(Excerpt from Golf Fitness by Karen Palacios-Jansen and Golf Fitness Magazine Contributors).

To read more about golf fitness check out my book available at

Cardiogolf, is a program designed to give you a battery of exercises to improve your body movement and swing technique. By consistently, repeating golf swing exercises without the judgement of where the ball is going, you can accelerate your improvement on the golf course.

Professional golfers know the importance of athletic development for golf. As a recreational, you may not have the time to train like an elite athlete, but by simply adding a few swing drills into your daily routine, you can dramatically improve your game. And you don’t have to go to the golf course or driving range, you can do these exercises at home.

Use the Cardiogolf Shortee Training Club and Slope to improve your golf and fitness. Great for indoor swing training and off-season conditioning.

Practice something about your game everyday.


Click here to see my favorite training aid. 

For years, I have been using a traditional step in my Cardiogolf routines and exercises. Although effective, I felt it was important to design a step that simulated a fairway to make it more ‘golf-like.’

You almost never have a flat lie on the golf course, so it is important to practice your swing on sloping lies to develop feel and stability. The Cardiogolf ‘Slope’ is curved like a fairway slope. You can vary the angle you place your foot to practice varies sloping lies.

I developed the Cardiogolf ‘Slope’ to help golfers practice uphill and downhill lies, but it is also a great tool for exercise. You can do a variety of traditional low-impact exercises as well as strength, balance, core and even upper body exercises. Stay tuned for more information.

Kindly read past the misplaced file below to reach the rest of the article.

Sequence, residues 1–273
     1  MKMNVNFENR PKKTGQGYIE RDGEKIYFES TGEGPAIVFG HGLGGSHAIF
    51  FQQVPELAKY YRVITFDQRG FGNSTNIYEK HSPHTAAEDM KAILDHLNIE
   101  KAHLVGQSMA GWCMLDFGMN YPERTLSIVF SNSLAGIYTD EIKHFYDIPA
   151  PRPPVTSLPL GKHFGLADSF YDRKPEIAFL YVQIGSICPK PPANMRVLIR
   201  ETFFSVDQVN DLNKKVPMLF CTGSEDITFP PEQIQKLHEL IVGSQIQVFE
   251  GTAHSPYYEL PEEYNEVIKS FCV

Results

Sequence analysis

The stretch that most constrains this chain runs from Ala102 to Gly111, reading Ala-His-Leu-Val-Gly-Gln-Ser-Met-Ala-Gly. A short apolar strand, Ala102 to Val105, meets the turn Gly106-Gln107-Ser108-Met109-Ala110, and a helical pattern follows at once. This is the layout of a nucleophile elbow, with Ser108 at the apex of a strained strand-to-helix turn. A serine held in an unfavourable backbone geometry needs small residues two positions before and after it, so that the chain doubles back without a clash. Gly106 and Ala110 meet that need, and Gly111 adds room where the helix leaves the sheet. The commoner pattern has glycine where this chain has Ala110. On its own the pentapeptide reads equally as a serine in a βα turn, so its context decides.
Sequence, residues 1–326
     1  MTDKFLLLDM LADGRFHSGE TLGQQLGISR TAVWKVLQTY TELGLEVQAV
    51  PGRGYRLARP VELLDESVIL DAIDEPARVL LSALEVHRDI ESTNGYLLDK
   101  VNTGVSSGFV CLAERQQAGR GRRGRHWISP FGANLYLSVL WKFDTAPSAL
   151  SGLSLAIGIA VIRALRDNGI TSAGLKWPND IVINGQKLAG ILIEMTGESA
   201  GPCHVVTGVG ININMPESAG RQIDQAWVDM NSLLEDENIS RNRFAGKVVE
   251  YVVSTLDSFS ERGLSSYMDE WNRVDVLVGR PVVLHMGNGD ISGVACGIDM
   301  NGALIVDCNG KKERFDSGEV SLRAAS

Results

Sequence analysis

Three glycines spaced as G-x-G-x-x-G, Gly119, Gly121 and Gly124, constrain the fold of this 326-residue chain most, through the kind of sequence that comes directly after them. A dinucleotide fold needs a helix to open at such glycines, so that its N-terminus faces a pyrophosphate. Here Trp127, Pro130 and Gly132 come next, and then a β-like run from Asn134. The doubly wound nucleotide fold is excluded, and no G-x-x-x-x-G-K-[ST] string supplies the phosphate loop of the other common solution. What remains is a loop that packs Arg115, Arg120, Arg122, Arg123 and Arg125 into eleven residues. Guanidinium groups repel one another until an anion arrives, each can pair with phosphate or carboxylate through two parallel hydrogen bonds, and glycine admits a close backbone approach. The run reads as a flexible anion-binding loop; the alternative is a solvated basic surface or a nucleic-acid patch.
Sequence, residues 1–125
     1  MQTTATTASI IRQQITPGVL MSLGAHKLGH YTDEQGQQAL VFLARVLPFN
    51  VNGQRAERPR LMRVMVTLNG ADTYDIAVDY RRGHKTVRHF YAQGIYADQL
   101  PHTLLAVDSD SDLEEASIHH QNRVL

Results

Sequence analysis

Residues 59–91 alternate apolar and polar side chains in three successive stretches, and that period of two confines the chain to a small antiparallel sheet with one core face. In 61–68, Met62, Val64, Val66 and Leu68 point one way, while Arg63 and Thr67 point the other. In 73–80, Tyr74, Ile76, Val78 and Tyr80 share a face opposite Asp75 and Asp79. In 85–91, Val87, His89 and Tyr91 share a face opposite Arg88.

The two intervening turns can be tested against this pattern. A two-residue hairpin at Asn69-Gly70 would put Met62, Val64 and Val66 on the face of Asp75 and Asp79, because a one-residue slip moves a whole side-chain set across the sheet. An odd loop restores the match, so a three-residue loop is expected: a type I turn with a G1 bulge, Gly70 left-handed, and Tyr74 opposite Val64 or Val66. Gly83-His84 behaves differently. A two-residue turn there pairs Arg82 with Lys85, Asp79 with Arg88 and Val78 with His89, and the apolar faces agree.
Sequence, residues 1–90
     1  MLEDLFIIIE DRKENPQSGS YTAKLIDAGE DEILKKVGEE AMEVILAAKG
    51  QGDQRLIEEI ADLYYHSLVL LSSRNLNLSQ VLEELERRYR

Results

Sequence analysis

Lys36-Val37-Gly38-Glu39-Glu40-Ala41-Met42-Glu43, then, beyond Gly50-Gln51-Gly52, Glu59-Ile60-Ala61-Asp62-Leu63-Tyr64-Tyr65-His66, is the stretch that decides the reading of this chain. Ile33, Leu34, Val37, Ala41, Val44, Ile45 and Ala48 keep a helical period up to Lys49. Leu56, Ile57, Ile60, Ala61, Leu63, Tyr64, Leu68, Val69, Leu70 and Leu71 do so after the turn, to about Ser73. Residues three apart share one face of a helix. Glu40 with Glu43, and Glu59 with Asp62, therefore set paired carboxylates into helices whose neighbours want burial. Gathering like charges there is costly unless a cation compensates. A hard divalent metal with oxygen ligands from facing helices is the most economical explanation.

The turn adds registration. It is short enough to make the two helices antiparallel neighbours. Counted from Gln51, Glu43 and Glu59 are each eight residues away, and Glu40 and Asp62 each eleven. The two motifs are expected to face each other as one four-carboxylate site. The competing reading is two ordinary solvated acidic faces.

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Stay On-Course with Your Health and Wellness

Cardiogolf teams up with Zija International, the leaders in the Natural Health Revolution, to offer golfers of all abilities cutting-edge health and wellness products.

Would you change the way you eat if you knew certain foods could help you play better golf?

Managing your food intake, hydration levels and adding certain nutrients to your diet can not only help you concentrate and focus more on the golf course, but it can also help you keep your heartbeat steady as you make an important shot or putt, help your muscles fire faster for more power, help you fight fatigue so you can play and practice longer and even help you keep your cool after a bad shot. More importantly good nutrition is good for your overall health and well-being.

We all know the importance that fitness, swing mechanics and equipment can have on our golf games, but are you eating the right foods to sustain enough energy throughout your round to play your best golf? The best equipment in the world won’t make a difference if you don’t have energy to get you around the course. We do not hear as much about nutrition for golf, but rest assured that the most elite golfers of the world follow some sort of diet to provide them with the energy-output they need to play their best. While is it not yet the norm for golfers to follow a specialized nutrition program, it will soon become so.

By simply adding a few Zija products into your daily routine and making simple diet modifications, you can dramatically improve your golf game and more importantly your health and well-being.